North Otago farmers are feeling the effects of a dry winter, Federated Farmers provincial president Jared Ross says.
“We’re 100mm behind in rainfall,” he said of his Duntroon dairy-support farm.
Local contractors had sold out of their feed supplement supplies in the lead-in to winter, and one had been bringing in feed from Central Otago and Southland.
“It was priced accordingly.”
Demand would increase again soon, Mr Ross said.
He had heard that Hakataramea Valley farmers were selling livestock already and agents were looking for beef cattle.
Conditions from one farm to the next seemed more varied this year than in the past, he said. Some farmers he spoke to reported wet conditions while others were struggling with lack of moisture, and some had good plant growth while others had sparse results.
Calving conditions had been “as good as it gets”, with excellent feed utilisation and no mud.
“It makes it easier when checking cows. It’s far more pleasant.
“The late frosts would have been a bit challenging.”
Farmers around Duntroon had been irrigating for a couple of weeks and Mr Ross said if he had already been connected to the expanded Kurow Duntroon irrigation scheme he would have been, too.
He expected water to start flowing to his place in about a week.
He was the only completely new shareholder to receive water from the scheme. Having always been on dairy farms until he and wife Susan bought the dryland block in 2018, he was “looking forward to getting irrigation”.
“It’s all I know.”
He was thankful the weather had been favourable since they moved on to the farm, but irrigation would allow them to achieve their planned production.
“I still keep a plastic rain gauge. We’re near 100mm behind. We’ve had 173mm now for the current year.”
The weather forecast predicted nor-easterly winds with a cooler, moister air pattern.
The Rosses had invested in an Angus bull from Fossil Creek and were looking forward to breeding their own pedigrees.
They had also grazed hoggets and lambed a few ewes.
Mr Ross said he enjoyed their first shearing – a novelty for him. He was impressed by the efficiency of a shearing gang in full operation.
Farming across New Zealand was “almost on autopilot” while everyone was preoccupied with politics, he said.
As well as the Covid-19 pandemic, farmers were concerned about the new freshwater standards and zero carbon targets.
He believed everyone, urban and rural, needed to combine their understandings to come up with a “good clean blueprint”.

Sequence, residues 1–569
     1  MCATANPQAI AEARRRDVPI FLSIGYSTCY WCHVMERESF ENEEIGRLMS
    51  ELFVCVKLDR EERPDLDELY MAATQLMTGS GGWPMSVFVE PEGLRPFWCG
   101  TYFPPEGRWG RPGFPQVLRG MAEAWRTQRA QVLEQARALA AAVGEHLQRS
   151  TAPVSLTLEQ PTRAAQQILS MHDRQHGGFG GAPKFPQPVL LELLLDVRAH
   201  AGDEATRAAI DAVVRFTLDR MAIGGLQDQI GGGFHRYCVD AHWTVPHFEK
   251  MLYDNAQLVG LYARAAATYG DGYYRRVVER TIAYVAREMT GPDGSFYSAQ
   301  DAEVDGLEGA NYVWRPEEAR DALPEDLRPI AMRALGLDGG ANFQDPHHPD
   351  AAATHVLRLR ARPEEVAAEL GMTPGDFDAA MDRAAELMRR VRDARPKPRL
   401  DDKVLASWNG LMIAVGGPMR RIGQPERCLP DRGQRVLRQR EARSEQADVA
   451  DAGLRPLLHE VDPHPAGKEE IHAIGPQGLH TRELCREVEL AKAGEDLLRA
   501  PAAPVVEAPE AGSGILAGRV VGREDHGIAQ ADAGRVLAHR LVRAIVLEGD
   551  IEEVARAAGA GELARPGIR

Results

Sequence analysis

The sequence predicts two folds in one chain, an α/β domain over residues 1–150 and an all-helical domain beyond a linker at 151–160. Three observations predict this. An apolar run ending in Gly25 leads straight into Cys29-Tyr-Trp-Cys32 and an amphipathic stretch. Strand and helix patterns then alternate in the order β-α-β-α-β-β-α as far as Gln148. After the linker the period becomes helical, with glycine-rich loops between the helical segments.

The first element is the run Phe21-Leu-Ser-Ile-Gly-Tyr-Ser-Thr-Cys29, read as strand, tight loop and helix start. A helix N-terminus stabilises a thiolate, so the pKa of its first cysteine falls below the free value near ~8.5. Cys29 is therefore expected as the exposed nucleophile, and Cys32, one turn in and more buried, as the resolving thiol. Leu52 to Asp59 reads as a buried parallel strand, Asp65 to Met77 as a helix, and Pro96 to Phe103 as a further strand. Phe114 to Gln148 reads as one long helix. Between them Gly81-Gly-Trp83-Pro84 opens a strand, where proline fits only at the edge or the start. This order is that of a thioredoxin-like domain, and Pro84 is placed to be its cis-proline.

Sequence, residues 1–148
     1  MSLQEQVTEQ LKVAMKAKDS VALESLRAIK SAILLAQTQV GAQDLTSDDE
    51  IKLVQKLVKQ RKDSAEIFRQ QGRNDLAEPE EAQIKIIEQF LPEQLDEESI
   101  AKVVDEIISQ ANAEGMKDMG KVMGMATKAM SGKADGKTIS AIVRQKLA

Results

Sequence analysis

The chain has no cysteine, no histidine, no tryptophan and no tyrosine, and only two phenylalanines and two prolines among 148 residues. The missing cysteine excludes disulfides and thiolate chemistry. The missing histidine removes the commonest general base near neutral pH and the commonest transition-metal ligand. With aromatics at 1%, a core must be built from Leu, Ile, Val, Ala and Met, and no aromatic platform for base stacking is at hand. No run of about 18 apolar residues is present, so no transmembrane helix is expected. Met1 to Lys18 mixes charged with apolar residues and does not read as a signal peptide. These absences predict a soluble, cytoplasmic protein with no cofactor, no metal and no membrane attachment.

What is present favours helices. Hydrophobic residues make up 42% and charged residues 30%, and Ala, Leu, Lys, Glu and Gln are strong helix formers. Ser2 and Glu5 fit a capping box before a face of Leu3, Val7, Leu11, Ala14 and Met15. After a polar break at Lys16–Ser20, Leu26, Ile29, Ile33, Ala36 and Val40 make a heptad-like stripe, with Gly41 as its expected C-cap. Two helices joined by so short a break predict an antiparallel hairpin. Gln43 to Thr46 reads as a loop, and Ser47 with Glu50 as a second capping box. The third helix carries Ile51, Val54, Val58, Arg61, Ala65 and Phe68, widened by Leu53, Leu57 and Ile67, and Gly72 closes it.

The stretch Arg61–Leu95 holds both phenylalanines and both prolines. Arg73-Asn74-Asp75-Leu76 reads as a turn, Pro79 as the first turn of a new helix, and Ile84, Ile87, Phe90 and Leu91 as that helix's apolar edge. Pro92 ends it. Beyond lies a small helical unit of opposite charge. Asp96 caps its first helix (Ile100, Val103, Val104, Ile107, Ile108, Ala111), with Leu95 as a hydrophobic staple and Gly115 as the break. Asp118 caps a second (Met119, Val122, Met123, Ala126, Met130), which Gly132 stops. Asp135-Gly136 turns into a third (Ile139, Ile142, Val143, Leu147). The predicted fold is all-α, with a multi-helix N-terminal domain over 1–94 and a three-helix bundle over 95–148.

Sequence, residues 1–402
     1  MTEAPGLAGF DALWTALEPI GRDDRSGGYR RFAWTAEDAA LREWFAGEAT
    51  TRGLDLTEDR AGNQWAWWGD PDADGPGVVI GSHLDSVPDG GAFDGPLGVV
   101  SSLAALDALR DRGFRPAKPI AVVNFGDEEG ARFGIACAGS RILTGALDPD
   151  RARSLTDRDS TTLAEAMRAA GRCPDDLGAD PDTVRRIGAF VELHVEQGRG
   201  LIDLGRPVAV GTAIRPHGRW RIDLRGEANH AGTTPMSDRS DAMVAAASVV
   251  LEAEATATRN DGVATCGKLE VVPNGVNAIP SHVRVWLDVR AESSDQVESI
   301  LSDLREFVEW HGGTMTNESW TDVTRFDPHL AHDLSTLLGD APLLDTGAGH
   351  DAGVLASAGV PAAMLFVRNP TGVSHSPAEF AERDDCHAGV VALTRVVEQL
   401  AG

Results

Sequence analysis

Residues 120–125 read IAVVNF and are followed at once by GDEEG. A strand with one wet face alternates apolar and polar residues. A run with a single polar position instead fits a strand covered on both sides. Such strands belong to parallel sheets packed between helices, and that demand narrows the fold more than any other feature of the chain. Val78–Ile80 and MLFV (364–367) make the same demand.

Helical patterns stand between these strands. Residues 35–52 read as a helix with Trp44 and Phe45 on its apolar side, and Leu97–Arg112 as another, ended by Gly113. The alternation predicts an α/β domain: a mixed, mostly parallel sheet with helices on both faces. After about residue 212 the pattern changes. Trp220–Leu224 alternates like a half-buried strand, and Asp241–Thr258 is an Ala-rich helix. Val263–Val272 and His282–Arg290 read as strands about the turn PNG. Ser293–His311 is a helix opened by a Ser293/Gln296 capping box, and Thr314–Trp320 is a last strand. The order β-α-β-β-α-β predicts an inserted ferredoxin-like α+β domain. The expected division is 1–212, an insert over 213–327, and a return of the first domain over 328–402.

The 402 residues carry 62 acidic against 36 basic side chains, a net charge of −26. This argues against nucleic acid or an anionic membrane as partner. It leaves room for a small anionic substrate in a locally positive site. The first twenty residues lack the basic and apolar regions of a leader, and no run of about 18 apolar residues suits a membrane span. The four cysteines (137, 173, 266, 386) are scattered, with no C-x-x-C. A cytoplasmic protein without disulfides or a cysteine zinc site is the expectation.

Mr Ross is on a South Canterbury-North Otago regional policy committee that was talking with Environment Canterbury this week to get updates on its water zone committees and discuss how incoming freshwater standards would be met.
While some older farmers resented the imposition of such regulations, his generation, especially from the dairy sector, was used to working under a “compliance regime” that included auditing and discharge conditions.
“We’ve got to have economic discussion. My generation of farmers are only here because because we’re running a tidy business.
“Business pressure will emerge.”
Mr Ross said farmers felt betrayed by the Government, which had asked them to go along with its “softly, softly”, opinion-gathering approach to freshwater then suddenly imposed a September deadline “to beat the end of the parliamentary term”.
“It’s got to be fair, reasonable and balanced.
“It discredits the process of consultation. They’re telling us how to do it.”
Farming was primarily driven by the weather, so it could not meet arbitrary dates dictated by the Government, he said.
“We don’t need blunt tools.”
Such rules would not touch those who most needed to improve their performance, he said.
Good management practice should be the focus, led by those who were doing it.
And science should be the basis of all policy.
“We don’t have enough data. There’s a lot of modelling, hypothesis and projecting.”
Mr Ross was also concerned about Resource Management Act reforms, which were welcomed by many people for different reasons. They could lead to separation of interest groups and formation of hierarchies, rather than overall balance.
“The biggest demand for this type of system is from those with the least business acumen.”
He feared New Zealand was “on a slippery slope” back towards the farming subsidies that were removed in the mid-1980s.